We surveyed 1,000 employees in the U.S. about their compensation and what they want from employers. Here’s our comprehensive free report.
4. Understand Your Constraints
Some employees or candidates may decide to walk away. That’s OK; if their employment with you isn’t meeting their needs, it will be challenging to keep them engaged and motivated. But deciding to part doesn’t have to be the end of the conversation. You can work out the details to minimize hard feelings and leave the door open to the potential of a boomerang employee.
An employee departure is the time to start the ideal transition for your organization and agree on the length of a notice period. For hard-to-replace employees, this could include a one-time retention bonus for them to stay on for an additional month or two while you find and train a replacement. In the end, though, the employee has the final say of when they need to leave.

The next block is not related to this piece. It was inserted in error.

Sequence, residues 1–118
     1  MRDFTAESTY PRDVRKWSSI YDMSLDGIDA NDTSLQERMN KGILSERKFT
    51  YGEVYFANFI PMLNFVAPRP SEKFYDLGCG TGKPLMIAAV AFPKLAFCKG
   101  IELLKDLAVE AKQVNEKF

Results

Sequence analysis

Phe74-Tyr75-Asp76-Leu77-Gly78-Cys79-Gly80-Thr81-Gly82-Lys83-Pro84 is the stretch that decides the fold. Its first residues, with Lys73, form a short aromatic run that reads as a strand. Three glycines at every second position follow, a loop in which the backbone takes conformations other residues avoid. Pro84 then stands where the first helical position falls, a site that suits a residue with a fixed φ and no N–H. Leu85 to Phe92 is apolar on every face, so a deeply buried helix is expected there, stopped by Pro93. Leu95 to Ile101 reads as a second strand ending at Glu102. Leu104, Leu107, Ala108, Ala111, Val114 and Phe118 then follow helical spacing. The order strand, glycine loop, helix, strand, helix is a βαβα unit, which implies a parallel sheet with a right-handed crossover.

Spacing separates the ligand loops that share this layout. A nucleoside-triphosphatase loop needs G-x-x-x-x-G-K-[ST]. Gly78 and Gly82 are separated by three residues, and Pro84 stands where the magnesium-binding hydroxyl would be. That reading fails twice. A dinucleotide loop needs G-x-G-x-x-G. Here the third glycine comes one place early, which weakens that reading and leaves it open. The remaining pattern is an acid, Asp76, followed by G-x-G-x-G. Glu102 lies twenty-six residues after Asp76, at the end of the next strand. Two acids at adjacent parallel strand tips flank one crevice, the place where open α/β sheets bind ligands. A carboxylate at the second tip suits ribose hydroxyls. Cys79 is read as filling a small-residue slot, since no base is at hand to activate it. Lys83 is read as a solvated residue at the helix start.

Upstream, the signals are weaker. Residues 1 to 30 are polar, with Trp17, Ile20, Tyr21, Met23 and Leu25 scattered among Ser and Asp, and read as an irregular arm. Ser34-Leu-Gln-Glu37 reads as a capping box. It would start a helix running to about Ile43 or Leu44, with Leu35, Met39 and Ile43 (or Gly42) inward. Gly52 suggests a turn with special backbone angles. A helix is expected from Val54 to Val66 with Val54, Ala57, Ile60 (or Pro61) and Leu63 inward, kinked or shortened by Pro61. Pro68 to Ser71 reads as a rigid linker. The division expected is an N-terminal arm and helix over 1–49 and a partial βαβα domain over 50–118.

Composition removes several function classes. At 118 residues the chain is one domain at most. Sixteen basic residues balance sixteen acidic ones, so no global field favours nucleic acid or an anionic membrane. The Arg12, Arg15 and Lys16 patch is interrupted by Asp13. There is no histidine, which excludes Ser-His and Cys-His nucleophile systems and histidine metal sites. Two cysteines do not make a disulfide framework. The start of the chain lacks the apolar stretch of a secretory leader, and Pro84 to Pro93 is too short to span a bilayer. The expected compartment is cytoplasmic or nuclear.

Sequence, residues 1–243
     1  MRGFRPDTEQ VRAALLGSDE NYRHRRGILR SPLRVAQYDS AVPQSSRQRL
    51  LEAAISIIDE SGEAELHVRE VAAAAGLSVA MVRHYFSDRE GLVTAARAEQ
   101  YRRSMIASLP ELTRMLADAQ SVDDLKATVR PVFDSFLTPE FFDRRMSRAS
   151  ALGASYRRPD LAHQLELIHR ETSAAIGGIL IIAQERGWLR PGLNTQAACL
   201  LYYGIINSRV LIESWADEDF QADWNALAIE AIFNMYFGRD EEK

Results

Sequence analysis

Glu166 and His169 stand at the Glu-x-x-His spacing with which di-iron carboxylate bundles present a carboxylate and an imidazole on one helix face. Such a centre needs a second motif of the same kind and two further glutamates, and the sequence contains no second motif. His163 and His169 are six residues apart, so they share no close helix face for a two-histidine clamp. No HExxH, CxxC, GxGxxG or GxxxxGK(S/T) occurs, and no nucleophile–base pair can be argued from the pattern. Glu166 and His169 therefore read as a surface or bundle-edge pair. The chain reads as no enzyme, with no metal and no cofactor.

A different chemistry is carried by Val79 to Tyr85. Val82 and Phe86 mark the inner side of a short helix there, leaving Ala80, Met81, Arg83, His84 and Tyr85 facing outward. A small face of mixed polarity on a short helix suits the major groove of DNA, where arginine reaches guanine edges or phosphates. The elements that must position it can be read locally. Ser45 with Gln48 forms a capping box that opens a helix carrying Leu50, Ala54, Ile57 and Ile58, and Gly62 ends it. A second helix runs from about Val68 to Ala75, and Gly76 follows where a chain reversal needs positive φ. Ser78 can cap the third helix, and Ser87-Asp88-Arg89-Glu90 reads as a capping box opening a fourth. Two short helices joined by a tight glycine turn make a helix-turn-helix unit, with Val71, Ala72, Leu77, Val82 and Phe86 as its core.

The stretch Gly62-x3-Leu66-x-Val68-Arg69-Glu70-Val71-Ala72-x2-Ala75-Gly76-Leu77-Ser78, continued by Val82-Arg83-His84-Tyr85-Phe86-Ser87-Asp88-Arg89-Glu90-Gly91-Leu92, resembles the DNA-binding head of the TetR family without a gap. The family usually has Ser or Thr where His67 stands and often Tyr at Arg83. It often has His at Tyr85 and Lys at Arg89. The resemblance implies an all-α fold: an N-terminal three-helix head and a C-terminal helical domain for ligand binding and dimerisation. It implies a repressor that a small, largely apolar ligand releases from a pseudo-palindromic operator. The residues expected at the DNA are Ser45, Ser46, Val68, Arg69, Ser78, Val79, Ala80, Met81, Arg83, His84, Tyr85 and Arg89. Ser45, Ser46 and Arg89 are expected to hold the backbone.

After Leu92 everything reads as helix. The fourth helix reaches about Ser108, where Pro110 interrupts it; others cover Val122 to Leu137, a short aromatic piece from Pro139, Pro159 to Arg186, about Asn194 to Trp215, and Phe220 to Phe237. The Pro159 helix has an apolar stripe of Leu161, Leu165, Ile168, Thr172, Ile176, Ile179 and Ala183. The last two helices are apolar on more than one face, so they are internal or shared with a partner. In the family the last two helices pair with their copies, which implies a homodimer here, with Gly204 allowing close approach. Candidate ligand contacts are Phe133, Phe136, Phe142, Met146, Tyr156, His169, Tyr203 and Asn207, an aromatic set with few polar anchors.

Don’t be pushy. Convincing someone to take an offer they won’t be happy with won’t create a positive long-term solution for the company or the employee. Employees don’t just want money now; they want a career that promises more in the future. And short-term wins, like giving an overly high salary to a valued employee or candidate, could cause detrimental long-term problems for your company, like employee dissatisfaction, issues with pay inequity, and a struggle to sustain above-market salaries.
When you’ve done your research, shared the value of the total compensation package, and know what’s important to your employees, you know you’ve done all you can to keep the employee engaged. Knowing where to draw the line on salary negotiations ensures you can provide competitive staying options while keeping the company’s overall objectives squarely in place.